Saša and David are back after a long illness and lack of voice. Na zdravie to that!

Simple sentences about a past illness:
Boli sme chorí – We were sick (plural, for humans)
Bol som chorý – I was sick (David – male speaker)
Bola som chorá – I was sick (Saša – female speaker)

Furthermore, David would say “Saša, bola si chorá” (Saša, you were sick) and Saša “David, bol si chorý“.

As well as being used as a toast, in Slovak tradition na zdravie applies when someone sneezes – but only for the first time.

First sneeze: na zdravie (to health)
Second sneeze: na šťastie (to luck/happiness)
Third sneeze: na lásku (to love)

There are not many expressions in Slovak to describe sickness (they’re a healthy bunch), but one well-known one is:

Mám sopeľ ako opraty – I have snot like (a horse’s) reins

Super tip:

The way Slovak nouns can change can be daunting for a learner. However, for all neutral nouns (stredný rod) in Slovak, the subject (nominatív/prvý pád) and the direct object (akuzatív/štvrtý pád) are the same, for both singular and plural. They don’t change.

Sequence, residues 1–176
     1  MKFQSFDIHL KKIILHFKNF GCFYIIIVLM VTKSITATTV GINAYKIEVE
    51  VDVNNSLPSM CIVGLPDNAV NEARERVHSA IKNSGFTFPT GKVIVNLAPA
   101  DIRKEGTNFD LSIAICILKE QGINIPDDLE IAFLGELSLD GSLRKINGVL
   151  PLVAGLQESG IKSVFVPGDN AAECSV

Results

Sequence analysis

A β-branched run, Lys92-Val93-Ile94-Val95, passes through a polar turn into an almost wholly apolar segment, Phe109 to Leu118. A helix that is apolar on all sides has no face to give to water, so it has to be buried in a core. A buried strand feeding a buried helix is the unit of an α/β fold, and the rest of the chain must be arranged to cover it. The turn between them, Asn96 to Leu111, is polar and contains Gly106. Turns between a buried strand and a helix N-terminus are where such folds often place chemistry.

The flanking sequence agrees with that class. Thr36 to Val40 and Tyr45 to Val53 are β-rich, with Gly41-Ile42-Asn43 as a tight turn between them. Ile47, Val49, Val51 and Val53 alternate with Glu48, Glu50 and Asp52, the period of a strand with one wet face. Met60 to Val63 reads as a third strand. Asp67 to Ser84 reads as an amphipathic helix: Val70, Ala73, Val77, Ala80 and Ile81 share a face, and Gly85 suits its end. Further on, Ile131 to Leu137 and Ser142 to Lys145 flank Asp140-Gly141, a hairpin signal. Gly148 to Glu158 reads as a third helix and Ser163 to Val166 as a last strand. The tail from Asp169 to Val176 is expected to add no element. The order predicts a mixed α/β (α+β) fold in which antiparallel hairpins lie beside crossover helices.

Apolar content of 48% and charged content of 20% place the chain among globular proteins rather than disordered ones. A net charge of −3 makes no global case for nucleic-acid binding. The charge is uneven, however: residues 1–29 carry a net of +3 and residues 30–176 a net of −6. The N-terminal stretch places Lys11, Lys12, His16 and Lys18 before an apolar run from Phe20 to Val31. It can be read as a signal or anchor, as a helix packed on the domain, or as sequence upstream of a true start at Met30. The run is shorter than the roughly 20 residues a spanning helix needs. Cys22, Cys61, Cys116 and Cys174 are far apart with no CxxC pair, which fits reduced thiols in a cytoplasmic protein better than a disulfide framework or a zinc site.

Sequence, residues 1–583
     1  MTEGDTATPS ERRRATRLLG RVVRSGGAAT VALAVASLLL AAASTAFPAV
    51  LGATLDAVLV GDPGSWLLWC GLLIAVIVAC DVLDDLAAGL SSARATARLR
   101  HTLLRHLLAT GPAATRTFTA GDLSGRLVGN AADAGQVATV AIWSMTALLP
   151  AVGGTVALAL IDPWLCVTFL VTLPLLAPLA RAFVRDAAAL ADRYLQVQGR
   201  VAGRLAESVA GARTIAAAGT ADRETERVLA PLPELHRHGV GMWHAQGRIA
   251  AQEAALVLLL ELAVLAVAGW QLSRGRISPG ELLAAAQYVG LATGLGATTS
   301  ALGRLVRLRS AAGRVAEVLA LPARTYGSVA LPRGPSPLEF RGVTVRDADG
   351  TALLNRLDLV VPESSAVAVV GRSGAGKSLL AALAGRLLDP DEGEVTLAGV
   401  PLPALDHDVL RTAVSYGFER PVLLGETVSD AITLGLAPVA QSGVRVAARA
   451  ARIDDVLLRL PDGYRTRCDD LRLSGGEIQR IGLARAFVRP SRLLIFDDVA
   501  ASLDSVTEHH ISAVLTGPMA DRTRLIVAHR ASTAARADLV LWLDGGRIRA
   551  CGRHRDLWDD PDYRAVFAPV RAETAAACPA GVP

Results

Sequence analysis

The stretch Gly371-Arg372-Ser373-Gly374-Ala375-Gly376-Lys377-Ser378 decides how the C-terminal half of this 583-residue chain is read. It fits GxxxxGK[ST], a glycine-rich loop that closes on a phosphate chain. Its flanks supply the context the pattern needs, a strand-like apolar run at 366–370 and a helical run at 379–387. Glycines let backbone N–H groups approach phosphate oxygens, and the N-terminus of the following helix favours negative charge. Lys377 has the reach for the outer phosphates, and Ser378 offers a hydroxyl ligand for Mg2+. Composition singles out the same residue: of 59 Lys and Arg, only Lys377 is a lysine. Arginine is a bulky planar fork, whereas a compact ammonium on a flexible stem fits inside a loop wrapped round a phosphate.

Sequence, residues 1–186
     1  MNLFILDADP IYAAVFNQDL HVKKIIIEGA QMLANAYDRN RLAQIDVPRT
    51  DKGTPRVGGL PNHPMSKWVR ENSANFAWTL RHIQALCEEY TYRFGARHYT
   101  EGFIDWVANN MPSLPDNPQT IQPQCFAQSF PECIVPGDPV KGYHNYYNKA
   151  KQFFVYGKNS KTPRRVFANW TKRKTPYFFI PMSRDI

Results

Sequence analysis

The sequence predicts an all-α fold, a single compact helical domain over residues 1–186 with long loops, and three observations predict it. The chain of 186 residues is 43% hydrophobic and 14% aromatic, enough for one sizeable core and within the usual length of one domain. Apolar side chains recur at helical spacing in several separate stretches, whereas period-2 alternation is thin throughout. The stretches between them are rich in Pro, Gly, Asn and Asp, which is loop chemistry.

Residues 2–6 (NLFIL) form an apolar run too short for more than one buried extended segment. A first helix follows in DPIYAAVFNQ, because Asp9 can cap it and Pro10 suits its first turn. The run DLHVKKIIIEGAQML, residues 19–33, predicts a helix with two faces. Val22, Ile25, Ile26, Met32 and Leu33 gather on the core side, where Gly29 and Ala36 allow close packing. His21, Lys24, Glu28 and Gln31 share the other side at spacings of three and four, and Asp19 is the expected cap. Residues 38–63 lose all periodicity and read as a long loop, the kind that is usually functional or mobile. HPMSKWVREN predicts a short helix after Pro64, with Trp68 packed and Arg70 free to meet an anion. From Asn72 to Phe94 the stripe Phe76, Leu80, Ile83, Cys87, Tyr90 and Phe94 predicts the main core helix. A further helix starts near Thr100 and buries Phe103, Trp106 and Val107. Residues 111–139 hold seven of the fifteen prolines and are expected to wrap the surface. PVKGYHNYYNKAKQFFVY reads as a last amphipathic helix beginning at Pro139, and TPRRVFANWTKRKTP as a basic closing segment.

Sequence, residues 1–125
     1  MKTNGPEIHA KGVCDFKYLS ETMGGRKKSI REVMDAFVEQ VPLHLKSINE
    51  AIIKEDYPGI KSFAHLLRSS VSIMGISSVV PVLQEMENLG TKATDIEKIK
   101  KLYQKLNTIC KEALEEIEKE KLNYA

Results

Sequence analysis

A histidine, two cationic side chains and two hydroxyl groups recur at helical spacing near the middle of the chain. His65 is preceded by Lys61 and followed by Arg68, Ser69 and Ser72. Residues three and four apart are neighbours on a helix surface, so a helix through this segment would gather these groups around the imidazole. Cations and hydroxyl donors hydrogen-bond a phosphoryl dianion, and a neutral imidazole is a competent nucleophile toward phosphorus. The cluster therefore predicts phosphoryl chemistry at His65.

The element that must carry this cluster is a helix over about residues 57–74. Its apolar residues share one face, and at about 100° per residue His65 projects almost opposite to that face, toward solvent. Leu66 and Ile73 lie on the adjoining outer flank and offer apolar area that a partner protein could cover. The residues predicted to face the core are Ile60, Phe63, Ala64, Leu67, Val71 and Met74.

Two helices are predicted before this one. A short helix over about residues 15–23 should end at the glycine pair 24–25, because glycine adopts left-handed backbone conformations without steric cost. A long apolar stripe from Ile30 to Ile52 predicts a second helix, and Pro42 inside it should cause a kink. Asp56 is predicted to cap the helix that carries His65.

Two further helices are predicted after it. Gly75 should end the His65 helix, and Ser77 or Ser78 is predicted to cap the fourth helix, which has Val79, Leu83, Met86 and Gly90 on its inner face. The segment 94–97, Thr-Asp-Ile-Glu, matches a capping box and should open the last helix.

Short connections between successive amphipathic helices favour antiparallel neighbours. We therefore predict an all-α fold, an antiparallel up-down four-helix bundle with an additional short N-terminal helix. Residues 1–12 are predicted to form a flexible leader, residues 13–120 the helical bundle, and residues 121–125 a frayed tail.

The only paradigmy (patterns) of nouns which do change between the subject and object forms are male “living” nouns (rod mužský životný: the chlap and hrdina patterns) and female nouns which end in -a (ženský rod: the žena and ulica patterns). In the above example, láska becomes lásku; “love” is clearly the object of the sentence.

Extra tip: the gerund form of Slovak verbs uses the “vysvedčenieparadigma (ending in -ie), eg. to cook = variť; (my) cooking = (moje) varenie

Song: Keby si bol môj (If You Were Mine) by Jana Kirschner

Before becoming a Slovak pop star, Ms Kirschner had also participated in Miss Slovakia, in 1996. Na zdravie ešte raz!

Backing music by RA90901